The 2020 philanthropic season has inevitably elevated HBCUs endowment totals to unseen heights. When the next National Association of College and University Business Officer(NACUBO) report comes out for FY2021, Howard likely will be significantly close to a $1 billion endowment and I suspect that many schools will have their largest year-over-year increase in endowment value. However, I suspect that the top 7’s share of the HBCUs’ total endowment size will increase from 51%. While it is true some less endowed schools like LeMoyne Owen were able to quadruple their endowment, the biggest beneficiaries of the 2020 philanthropic season were the most endowed HBCUs. In the graphic below, I examined the top 7 schools by endowment size and found that each school received its largest gift in 2020
They say wealth begets wealth and when we actually crunch the numbers, it is hard to argue with the proverb. The above table lets us examine the largest donation these schools received in 2020. Howard received $10 million from the Karsh Foundation and $40 million from Mackenzie Scott, Spelman received $40 million from Patty Quillin and Reed Hastings, another $20 million from Scott and $10 million from the Klarmans’, Hampton received $30 million from Scott, Xavier received $20 million from Scott, Morehouse received $40 million from Quillin and Hastings and another $20 million from Scott, Meharry received $34 million from Michael Bloomberg, and Tuskegee received $20 million from Scott. In 2020, each school received its largest gift ever and they accumulated $284 million on 8 figure donations alone. If you believe that Mackenzie Scott’s donations alone would help close the wealth gap between these institutions, you would be disappointed to find out that these schools were well represented in Scott’s distribution of funds. To date, Mackenzie Scott has donated $560 million to HBCUs and these HBCUs account for $150 million of that total or 26.7% of Scott’s donations.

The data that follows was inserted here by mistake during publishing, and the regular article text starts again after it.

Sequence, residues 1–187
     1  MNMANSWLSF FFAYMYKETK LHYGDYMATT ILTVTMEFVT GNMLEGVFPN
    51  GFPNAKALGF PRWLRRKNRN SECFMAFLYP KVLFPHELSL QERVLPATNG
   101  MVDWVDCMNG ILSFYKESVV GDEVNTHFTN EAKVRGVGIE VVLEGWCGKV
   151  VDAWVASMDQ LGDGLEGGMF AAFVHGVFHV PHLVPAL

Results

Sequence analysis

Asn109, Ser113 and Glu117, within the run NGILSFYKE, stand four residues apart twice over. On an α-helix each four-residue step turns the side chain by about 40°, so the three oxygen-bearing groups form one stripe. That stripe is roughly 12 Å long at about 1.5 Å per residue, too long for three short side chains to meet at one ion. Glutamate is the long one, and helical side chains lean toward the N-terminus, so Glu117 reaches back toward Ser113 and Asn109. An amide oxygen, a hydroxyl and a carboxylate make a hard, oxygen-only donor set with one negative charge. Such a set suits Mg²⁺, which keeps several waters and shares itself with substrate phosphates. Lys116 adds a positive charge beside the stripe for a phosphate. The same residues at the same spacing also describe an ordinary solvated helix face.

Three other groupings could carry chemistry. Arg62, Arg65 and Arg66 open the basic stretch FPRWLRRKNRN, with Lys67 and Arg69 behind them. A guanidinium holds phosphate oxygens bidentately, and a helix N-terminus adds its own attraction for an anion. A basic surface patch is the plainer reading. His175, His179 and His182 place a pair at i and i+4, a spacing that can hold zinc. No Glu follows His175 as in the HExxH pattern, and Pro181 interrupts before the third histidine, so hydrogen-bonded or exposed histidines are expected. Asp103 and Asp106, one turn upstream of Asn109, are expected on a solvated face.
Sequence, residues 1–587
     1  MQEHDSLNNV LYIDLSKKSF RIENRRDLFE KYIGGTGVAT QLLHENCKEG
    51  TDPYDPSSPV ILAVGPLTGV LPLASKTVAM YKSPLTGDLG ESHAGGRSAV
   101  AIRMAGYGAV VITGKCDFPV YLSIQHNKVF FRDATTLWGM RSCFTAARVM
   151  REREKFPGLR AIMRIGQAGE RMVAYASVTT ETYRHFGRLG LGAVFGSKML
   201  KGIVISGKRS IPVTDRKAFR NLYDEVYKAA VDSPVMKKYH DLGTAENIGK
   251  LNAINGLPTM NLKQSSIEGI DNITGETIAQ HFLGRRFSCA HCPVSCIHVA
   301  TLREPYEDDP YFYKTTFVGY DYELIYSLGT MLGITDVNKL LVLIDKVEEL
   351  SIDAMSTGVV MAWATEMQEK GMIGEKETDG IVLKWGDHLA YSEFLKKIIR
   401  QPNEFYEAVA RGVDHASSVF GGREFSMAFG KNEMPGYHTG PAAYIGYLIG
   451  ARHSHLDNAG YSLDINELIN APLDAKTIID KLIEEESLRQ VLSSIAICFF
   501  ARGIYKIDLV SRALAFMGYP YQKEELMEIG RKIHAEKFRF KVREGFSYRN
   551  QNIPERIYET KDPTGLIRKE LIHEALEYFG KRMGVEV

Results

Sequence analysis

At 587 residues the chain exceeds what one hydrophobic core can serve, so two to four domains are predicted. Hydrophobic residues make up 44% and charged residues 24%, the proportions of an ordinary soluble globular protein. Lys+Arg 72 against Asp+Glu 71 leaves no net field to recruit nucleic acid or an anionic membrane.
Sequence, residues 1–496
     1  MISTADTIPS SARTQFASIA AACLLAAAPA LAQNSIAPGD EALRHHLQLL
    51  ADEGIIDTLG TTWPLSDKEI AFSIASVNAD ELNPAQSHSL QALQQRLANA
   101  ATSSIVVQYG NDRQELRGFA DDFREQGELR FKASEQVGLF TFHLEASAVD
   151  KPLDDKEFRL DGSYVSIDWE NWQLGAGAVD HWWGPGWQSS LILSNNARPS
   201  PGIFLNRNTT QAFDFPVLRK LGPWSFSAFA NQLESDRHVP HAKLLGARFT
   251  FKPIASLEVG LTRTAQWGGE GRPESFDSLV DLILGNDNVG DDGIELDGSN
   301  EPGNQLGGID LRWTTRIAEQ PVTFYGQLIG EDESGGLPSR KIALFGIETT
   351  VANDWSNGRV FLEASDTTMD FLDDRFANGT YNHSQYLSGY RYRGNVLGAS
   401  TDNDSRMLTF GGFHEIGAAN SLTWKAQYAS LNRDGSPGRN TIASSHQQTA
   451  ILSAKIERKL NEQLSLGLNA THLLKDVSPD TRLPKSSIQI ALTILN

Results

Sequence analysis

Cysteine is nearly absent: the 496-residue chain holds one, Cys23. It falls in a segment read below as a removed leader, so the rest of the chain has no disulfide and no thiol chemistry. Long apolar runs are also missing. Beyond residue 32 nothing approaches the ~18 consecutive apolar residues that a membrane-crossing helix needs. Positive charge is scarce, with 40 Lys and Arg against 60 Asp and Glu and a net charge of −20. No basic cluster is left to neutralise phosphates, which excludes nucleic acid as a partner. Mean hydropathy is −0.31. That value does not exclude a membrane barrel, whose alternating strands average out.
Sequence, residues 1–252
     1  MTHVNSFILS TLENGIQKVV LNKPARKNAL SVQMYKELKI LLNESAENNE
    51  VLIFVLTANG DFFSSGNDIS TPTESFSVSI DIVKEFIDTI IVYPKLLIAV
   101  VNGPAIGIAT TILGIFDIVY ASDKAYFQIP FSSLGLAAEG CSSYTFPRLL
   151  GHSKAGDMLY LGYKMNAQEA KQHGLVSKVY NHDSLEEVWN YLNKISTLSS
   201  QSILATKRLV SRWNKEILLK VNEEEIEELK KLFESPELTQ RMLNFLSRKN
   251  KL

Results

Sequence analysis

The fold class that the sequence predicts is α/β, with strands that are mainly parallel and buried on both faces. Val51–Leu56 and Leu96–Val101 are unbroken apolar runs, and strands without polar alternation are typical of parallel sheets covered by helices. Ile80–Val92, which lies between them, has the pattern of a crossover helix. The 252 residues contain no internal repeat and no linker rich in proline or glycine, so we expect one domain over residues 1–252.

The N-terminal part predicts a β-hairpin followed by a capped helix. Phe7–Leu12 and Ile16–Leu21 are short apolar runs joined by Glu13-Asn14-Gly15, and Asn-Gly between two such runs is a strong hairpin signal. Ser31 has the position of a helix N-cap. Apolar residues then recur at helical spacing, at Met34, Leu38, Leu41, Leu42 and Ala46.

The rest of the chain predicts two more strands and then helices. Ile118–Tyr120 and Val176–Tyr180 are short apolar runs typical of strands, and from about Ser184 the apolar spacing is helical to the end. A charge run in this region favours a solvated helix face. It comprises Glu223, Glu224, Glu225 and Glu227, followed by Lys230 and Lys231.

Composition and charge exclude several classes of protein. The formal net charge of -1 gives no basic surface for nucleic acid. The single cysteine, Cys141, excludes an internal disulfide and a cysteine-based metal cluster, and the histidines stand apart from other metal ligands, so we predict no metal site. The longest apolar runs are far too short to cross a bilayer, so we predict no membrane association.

If we were to exclude Mackenzie Scott’s donations, the only schools outside of the top 7 to receive an 8 figure gift in 2020 were LeMoyne Owen and the three black medical schools, Charles R. Drew, Howard, and Morehouse Schools of Medicine. This is important because while the sector undoubtedly had its best philanthropic year ever, if your institution did not receive the golden ticket from Scott your institution’s outlook has likely not gotten any better.
Finally, in an effort to objectively illustrate why I believe the HBCU wealth gap has likely increased I decided to project how the top 7 HBCUs faired in 2020 and the implications it has on HBCUs collective endowment size.
FY2021 Projections of the Top 7’s Endowment Size
1) Howard — $1.2 Billion (+68%)
Projecting Howard to increase their endowment by 500 million, or 68%, may seem a bit too optimistic but the truth is it has already happened. We officially have an HBCU with a billion-dollar endowment, expect more press on this when the next NACUBO report is published. The endowment gap between the #1 and #2 HBCU will increase as Howard’s endowment will be almost 2.5 times more than the number 2 HBCU, Spelman.
2) Spelman College — $490 Million (+30%)
First and foremost, shoutout to Spelman for having by far the most transparent accounting documents on the web as it relates to HBCUs.
Projecting Spelman’s endowment to increase by almost 30%, or 112 million, does not seem too far-fetched when we see what Howard has done. Dr. Campbell has already announced her retirement effective June 30, 2022, and in her letter, it states that Spelman’s endowment is nearly $500 million.